My view of life and my answers to the three big questions is more spiritual than it is religious. (How did we get here; why are we here; and what  happens when its all over?)  Organized religion has been responsible for some of the greatest outrages against  humanity. Not my thing.




I always read with interest your columns, although often differing with your views.  On matters Catholic, I come from a perspective of a convert from a strict fundamentalist Protestant denomination, which was also quite anti-Catholic while I was growing up.  I experienced in my upbringing much stronger emphasis on man's sinfulness and the need to overcome it, the expectation of overcoming it through deep religious conversion, and without benefit of the sacrament of confession and reconcilation.  Perhaps, in some degree, that was a sign of the times.  I have always found Catholics refreshingly less self-righteous than strict Protestants, by far.  My conversion -- heart, mind and soul -- is to the Catholic faith.  I love the Church with my whole heart, and find unfathomable richness of wisdom, truth, beauty in her sacraments, liturgy, traditions.  I find the Church marvelously balanced and consistent.  It is grounded and focused practically, yet centered, exalted, inspired by the divine.  Her moral precepts are true altogether.  Naturally, they come from God Almighty, not from any human source.  Holy Week juxtaposes in quick succession the most horrible tragedy of humanity with the most glorious triumph known and knowable to man.  It takes 40 days of Lent to prepare for it, and many more days to try to absorb it.  The Catholic Church recognizes this.  Mankind is capable of great evil.  Men actually killed God when He walked on earth.  We all are prone to sin, and our personal sin separates us from God.  Yet by His grace and mercy we are given the means to reconcile, renew and deepen in our walk with Him.  In Holy Week we experience every year the most extreme turn of events -- a descent into the pits of hell, followed by a magnificent glimpse of God's eternal glory.   If we dwell on one, we are left in despair.  I believe we need to deal with personal sin in order to deepen our spirituality and draw closer to God.  Yet, in Christ's ultimate triumph lies our hope, our joy, the fulfillment of our faith.  Dying He destroyed our death -- that's powerful.  Rising He restored our life -- that's magnificent.  In sin we die; in reconciliation we rise to new life.  Lent and Easter are times of renewal and new life.   The deeper that sorrow carves itself into our hearts, the greater is our vessel to hold the love of God, and with it find peace and joy.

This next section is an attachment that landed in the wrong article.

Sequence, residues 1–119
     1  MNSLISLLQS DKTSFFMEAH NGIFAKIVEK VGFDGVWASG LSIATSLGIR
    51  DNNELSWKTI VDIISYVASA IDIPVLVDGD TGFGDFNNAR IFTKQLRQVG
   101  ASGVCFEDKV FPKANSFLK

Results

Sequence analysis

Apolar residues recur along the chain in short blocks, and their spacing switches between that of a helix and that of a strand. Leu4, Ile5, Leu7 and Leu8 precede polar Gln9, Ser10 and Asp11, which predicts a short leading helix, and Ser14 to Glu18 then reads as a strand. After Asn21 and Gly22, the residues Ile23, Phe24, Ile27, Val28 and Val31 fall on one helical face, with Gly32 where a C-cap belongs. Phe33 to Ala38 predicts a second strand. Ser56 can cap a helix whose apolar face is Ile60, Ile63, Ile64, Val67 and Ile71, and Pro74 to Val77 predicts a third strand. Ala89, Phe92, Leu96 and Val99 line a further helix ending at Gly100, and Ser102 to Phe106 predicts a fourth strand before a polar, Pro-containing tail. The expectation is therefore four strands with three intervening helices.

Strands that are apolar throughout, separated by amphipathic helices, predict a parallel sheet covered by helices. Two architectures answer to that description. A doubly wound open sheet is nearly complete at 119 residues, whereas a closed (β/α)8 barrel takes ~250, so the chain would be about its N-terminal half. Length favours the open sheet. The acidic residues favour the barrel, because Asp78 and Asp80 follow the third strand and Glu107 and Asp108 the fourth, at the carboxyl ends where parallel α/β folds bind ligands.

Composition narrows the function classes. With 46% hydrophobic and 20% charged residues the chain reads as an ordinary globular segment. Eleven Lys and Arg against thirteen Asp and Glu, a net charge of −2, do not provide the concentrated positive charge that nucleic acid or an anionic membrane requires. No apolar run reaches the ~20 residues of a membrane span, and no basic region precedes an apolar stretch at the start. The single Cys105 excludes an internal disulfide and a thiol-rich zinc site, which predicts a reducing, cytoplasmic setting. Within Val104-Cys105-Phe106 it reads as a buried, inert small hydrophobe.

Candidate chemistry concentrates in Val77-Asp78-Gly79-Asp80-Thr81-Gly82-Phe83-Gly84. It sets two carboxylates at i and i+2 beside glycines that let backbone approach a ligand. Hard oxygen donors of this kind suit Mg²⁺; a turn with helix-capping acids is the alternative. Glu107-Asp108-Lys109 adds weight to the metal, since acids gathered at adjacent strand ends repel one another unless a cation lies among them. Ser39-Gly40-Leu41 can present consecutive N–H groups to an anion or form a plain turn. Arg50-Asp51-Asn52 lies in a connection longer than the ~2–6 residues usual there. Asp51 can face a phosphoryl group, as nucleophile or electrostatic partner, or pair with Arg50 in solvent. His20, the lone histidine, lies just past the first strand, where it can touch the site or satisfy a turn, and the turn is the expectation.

Wow.  What an intriguing way to bring about two opposing methods of

looking at sin, Christ, and the Kingdom of Heaven.


Here's a non-Christian viewpoint on this discussion:  I have a tough time

with anyone who spends their entire life mired in guilt and mental anguish

because of the belief that he or she is *personally responsible* for

Christ's death.  What a terrible weight on one's shoulders!  And what an

unfortunate way to view the God of Love:  a God that would send His only

son to Earth purely for the purposes of suffering and death.  These are

not the actions of a loving God.


I am certainly not one to suggest that I understand nor am privy to the

ways of the universal God, but one belief I must cling to is that we are

all here to serve and love one another.  This is the life that Jesus

lived.  His love was so great that he allowed himself to be sacrificed for

the world.  One of your readers mentioned free will, and this is a

powerful thing:  Jesus had no interest in being tortured and crucified.

But he knew that while this path was certainly not the easy path, it was

the right one.  It was the one he had to take - for all of us.


There are two ways to go about living Christ's teachings:  because we want

to and know that it's the right thing to do... or because we feel shame

and guilt.  This second rationale is not a positive one.  We need to make

positive choices that foster growth.  In my view, concentrating on our

role in the death of Christ impedes our ability to grow and foster growth

around us.


Keep writing, good sir!